For a newer title, published this year, try Jimmy’s Gone Green: How to Take Care of the Earth and Keep the Environment Clean by Kathy Cane, illustrated by Tracy La Rue Hohn (only available as an eBook). This award-winning book with rhymes and colorful illustrations helps children ages 4 to 8 be more environmentally conscious. It offers 10 simple steps kids can take to help protect the environment.

And it is bigger than a book. Jimmy’s Gone Green is a foundation dedicated to promoting environmental awareness and conservation in young children. Check it out on Facebook.

Saving the Earth is also a popular topic for early reader series. At our library, we found the Caring for the Earth series from Capstone. There are five books in the set—Let’s Recycle!, Let’s Reduce Garbage!, Let’s Reuse!, Let’s Save Energy!, and Let’s Save Water!. At an early-first-grade reading level, the books explain the topic in a way kids will understand. Each also include a table of contents, glossary, index, and even a way to learn more at

Our Favorite Characters Celebrate Earth Day, Too

If your children want to learn how to help the Earth from a familiar face, nearly all the well-known children’s book series have books about Earth Day.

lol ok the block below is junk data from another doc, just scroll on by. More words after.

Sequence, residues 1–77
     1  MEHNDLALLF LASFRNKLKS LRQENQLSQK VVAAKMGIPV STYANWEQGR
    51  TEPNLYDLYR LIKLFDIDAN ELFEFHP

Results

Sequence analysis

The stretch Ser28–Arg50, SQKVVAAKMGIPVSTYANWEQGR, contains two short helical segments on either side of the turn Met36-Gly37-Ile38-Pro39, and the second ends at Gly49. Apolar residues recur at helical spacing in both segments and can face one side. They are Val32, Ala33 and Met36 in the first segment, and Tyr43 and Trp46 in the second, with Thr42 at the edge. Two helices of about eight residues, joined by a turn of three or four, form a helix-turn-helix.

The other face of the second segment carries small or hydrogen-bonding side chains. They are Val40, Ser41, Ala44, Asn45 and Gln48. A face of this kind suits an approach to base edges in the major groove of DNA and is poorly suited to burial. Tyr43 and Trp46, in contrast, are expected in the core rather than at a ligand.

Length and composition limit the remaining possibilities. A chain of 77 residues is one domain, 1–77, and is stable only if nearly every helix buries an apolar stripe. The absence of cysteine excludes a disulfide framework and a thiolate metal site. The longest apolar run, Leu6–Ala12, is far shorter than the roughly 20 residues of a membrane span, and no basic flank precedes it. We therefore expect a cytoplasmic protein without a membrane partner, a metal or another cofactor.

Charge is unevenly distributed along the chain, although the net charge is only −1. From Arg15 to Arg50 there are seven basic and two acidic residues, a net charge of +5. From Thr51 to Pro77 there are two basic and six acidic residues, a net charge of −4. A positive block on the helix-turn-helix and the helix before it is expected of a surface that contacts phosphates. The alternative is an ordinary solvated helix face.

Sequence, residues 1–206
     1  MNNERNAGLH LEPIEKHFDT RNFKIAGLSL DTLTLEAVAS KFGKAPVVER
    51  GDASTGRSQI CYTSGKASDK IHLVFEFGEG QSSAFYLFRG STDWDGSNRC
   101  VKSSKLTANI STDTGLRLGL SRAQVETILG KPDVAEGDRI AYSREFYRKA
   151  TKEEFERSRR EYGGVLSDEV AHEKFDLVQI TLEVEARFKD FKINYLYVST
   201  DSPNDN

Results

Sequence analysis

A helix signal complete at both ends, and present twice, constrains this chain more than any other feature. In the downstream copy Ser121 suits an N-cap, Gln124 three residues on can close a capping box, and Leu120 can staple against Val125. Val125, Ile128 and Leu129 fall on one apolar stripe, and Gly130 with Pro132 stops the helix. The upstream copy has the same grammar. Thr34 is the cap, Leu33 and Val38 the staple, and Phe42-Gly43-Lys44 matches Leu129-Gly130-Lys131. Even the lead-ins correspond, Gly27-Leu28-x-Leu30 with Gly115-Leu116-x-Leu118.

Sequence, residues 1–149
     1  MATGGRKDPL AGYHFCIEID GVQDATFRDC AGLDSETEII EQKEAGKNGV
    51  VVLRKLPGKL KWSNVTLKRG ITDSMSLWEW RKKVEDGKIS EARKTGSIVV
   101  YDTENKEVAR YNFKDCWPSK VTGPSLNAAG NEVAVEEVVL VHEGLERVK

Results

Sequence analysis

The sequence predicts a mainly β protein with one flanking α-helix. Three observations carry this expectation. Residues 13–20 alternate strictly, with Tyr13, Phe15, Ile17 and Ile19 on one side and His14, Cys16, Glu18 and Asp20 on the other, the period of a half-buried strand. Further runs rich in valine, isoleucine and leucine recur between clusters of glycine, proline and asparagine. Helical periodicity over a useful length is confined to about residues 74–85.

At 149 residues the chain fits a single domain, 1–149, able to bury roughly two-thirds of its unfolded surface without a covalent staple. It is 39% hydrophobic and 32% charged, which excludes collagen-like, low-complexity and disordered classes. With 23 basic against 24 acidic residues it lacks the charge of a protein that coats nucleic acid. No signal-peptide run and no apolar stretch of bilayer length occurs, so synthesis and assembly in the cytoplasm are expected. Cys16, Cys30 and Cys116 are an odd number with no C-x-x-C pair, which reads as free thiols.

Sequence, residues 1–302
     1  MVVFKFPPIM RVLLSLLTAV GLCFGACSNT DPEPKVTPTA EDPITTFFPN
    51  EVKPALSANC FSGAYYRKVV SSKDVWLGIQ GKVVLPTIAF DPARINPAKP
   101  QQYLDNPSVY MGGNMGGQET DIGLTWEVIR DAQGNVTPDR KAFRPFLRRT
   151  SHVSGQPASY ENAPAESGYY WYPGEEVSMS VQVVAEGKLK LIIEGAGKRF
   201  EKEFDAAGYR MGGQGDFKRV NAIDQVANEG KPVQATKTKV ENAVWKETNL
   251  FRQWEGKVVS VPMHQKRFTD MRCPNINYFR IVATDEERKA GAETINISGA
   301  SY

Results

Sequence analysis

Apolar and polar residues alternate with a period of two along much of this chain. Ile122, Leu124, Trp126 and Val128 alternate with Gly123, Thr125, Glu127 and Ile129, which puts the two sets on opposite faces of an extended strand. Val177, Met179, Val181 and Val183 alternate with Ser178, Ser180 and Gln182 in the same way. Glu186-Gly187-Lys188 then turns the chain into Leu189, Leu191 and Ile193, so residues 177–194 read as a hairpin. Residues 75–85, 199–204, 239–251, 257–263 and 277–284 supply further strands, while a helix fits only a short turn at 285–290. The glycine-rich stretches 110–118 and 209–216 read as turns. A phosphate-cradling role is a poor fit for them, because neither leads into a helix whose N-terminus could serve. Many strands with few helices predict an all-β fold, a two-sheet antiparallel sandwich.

Our favorite is Arthur Turns Green by Marc Brown. Our favorite aardvark is literally turning green and acting oddly. D.W. is very suspicious! No worries. His green hands are from the poster he’s creating showing all the ways to save energy in their home.

We also like Fancy Nancy: Every Day Is Earth Day. Not only do we learn new vocabulary with Nancy’s fancy words, but it shows you can get overzealous. While taking care of the Earth is a terrific goal, it is important to remind our kids that there are times we need electricity even if it seems wasteful. For example, a nightlight to help your sibling sleep through the night. Thanks to Jane O’Connor for making this important point.